Human beings comprise an omnicidal species. Apparently there is nothing they won’t kill. Yet some claim to value life and say that all lives matter. But if all lives matter, Palestinian lives matter, Syrian lives matter, Iraqi lives matter, Afghan lives matter, Libyan lives matter. If all lives matter, Osama bin Laden’s life mattered. So did Al Awlaki’s and his fifteen year old son’s. So did Gaddafi’s and the lives of every member of the armed forces who died on a Middle Eastern battlefield, including the Americans who died there. But they are dead now, gone forever, and George W. Bush, Dick Cheney, Barack Obama, Hillary Clinton, and all the neoconservatives who advocated going to war in Iraq to prevent Saddam Hussein from acquiring nonexistent weapons of mass destruction murdered them as surely as Dr. Palmer murdered Cecil the lion.
A few weeks ago, my wife came in from the back yard yelling, “John, John, a snake. There’s a snake in the back yard. Get something to kill it. Kill it.”
I was in no mood to do any killing and didn’t have anything handy to kill it with anyhow so I calmly went outside to have a look around. Sure enough, there it was. A beautiful, completely benign, about 18 inches long, orange and black, western ribbon snake sunning itself.
Not only was there no reason to kill it, there was no reason to even disturb it. Yet in the interests of domestic tranquility, a little nudging induced it to slither into some underbrush and disappear. But my wife had really wanted it dead even though she’s a kind compassionate person who generally loves animals. She contributes to local animal shelters and is always horrified when she hears stories of animal cruelty. Neither she nor anyone else I know would have considered killing that snake animal cruelty. Why? Was it because of the story they all were told when they were young about Eve’s tryst with a serpent in the Garden of Eden or because of a wild imagination based on ignorance of what snakes might be capable of doing like swallowing the whole house, for instance? I don’t know.
A few days later I read about a hiker’s being mauled by a bear in Yellowstone. A sow was spotted and although no one had witnessed the mauling, the assumption was made that she was the mauler. She was captured and put down. Why? For having offended human sensibilities? She may not even have been guilty, and no other bear in the park could have been prevented from mauling anyone because of her death. Her killing had no purpose whatsoever. It was purely gratuitous, an act of vengeance.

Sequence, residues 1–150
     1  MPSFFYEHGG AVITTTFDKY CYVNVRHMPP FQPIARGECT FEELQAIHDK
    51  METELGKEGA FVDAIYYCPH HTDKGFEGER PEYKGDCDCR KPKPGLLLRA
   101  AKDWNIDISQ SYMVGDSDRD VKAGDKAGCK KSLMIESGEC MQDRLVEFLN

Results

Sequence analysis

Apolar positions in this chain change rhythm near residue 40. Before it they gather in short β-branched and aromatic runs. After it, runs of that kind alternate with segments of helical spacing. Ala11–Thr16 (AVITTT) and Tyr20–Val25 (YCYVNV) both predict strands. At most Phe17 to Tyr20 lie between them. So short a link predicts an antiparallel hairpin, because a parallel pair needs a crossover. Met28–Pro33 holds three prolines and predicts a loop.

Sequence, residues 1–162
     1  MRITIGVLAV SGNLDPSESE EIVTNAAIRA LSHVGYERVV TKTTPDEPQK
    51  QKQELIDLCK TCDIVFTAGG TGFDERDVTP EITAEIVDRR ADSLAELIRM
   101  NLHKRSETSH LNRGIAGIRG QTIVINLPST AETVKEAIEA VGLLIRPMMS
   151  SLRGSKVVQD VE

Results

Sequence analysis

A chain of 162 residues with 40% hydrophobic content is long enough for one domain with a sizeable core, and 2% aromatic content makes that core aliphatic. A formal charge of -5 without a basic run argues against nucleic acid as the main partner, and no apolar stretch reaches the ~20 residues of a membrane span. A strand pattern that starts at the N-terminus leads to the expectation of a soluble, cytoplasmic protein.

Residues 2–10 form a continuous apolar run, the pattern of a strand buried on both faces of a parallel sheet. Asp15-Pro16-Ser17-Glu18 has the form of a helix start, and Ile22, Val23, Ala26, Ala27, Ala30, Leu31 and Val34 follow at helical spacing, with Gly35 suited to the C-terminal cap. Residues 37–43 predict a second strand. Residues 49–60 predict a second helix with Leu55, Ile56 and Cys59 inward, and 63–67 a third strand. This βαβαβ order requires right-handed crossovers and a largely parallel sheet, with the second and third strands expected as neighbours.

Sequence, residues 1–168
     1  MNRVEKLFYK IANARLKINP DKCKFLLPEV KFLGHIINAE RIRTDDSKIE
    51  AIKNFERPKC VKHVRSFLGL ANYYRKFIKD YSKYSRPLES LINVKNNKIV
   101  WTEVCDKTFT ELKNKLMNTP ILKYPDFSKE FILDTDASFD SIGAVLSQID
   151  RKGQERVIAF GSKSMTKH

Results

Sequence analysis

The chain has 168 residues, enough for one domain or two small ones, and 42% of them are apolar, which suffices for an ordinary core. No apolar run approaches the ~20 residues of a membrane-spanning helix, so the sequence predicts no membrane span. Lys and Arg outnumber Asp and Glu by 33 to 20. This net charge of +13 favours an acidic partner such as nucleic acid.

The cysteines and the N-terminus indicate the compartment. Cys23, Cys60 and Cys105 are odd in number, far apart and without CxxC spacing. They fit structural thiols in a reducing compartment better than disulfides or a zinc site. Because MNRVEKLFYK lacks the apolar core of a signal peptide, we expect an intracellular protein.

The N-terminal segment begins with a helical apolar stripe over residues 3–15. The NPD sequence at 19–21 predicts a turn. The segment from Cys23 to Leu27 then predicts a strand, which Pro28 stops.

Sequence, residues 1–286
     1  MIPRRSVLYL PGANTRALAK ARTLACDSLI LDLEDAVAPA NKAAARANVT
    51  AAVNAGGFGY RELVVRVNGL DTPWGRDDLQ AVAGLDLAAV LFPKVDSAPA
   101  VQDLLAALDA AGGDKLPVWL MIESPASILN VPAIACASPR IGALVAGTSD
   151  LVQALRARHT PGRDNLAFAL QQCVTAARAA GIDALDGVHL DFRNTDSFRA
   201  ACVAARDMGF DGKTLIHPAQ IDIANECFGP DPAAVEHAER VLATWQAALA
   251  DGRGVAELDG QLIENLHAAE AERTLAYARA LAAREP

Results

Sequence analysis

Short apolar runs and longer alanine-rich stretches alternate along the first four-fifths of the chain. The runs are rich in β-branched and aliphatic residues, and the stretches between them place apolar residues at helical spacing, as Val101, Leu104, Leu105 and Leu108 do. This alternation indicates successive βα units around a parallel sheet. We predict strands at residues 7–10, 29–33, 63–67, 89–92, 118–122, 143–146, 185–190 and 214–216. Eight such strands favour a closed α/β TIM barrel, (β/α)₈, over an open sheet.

Then the news of Dr. Palmer’s killing of Cecil the lion in Zimbabwe hit the air. Palmer, an exceedingly rich American wanted the pleasure of killing a lion so he could hang its head on a wall. He wanted a trophy! He claims to have done no wrong but he tried to hide the killing. Cecil’s collar was hidden in a tree before his head was removed for mounting. It was all perfectly innocent, of course. Except for Cecil’s special status, being a lion with a name and a collar, Dr. Palmer, the lion slayer, would have been delighted with the kill. I suspect a celebration would have been in order.
Of course, a vast difference exists between people like my wife and Dr. Palmer. My wife would be horrified at the thought of mounting even a beautiful dead snake on the wall of her living room, but Dr. Palmer would be delighted with it. Yet Dr. Palmers are not rare. In my neighborhood, a barber has a shop adorned with mounted fish all of which he has gleefully murdered. They were beautiful fish. Why would anyone want them dead? And Sarah Palin posted a video of her shooting a superb elk to demonstrate how firm she would be dealing with the Russians had he been elected to the office of Vice President. What shooting a clueless elk standing still in a clearing on a hill says about how aware Russians armed, hidden, and willing to shoot back would react eludes me.
When Osama Bin Laden was assassinated by navy seals, the President and his advisors, keeping track of the event electronically, are said to have cheered when the fatal shot was fired. But is there any essential difference between their glee and Dr. Palmer’s when he killed Cecil? I don’t know. Readers can judge for themselves. What kind of human being is cheered by a killing? Perhaps a very normal one.
Maybe a psychological malady exists that describes such people—Dr. Palmer, the barber, and all the President’s men. Do they all suffer from some gross inadequacy that causes them to over compensate by killing animals that pose no danger to them? If there is one, psychologists certainly don’t emphasize it. Are normal people natural killers and are the healers deranged? Is the Grim Reaper a member of this species? Is there anything human beings won’t find a way to kill?